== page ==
Well, it differs in the number of orbit corrections.
But I hope it is similar in part of communications on LEO at least before the 1st engine burn.

Offline kaptein80

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Re: LIVE: Zenit-2SB launch with Phobos-Grunt - November 8, 2011
« Reply #792 on: 11/11/2011 06:09 PM »
No point in sending a shuttle, the entire probe costs in the region of 160 million dollars including R&D. Making one more should not exceed 50-100 million+launch costs, while a single shuttle flight will cost a lot more.

some numbers from wikipedia:

shuttle cost: approximately $1.5 billion per launch over the life of the program

Curiosity:  US$2.3 billion

Phobos Grunt: $163 million

NASA/ESA joint Mars sample return mission is expected to cost around $8.5 billion

Online Blackstar

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Re: LIVE: Zenit-2SB launch with Phobos-Grunt - November 8, 2011
« Reply #793 on: 11/11/2011 06:16 PM »
some numbers from wikipedia:

shuttle cost: approximately $1.5 billion per launch over the life of the program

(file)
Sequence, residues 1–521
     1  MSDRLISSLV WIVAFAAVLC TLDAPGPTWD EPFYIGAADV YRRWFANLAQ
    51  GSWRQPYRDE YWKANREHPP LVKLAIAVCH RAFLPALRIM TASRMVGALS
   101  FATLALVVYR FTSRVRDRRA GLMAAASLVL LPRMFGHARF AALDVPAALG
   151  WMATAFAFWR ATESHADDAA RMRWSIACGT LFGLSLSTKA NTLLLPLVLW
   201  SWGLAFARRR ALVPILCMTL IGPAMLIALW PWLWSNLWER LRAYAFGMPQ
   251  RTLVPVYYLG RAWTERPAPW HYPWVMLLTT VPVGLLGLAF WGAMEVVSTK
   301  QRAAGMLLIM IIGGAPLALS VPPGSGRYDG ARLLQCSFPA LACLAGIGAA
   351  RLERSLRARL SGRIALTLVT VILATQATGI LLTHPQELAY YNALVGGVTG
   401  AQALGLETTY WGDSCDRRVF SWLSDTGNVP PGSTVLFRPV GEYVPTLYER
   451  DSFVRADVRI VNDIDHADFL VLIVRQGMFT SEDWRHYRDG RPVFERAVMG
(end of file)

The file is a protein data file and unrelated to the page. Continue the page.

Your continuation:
Curiosity:  US$2.3 billion

Phobos Grunt: $163 million

NASA/ESA joint Mars sample return mission is expected to cost around $8.5 billion


Such comparisons are essentially meaningless. The economies are not equivalent. Plus, that shuttle cost is an amortized cost, not a single mission marginal cost.

Finally, what good is a cheap mission if it fails?

Offline yamato

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Re: LIVE: Zenit-2SB launch with Phobos-Grunt - November 8, 2011
« Reply #794 on: 11/11/2011 06:23 PM »
Quote from: iamlucky13 link=topic=15610.msg828128#msg828128
my post reflected the extreme end of optimism,....... if they are perhaps able to recover the spacecraft but not in time to reach Mars it wouldn't be possible to even consider other missions.
because your first IF in itself borders on miracle, I separate 'miracle' from optimism, I would never for example say I am optimistic that I could win a lottery ticket where odds are 1:10000000 because IMHO such a statement would sound nonsensical. As to your second assertion spacecrafts are built for a concrete missions, they are highly specialized, and it is mpossible to think how such Phobos- Grunt could be reused in Earth orbit (or any orbit outside of Mars) earthly satellites are considered often a 'total loss' if their orbits are slightly off (insurance covers total amount) and PG would still be a junk even if you managed to turn on it's cameras or instruments, I am running out of breath....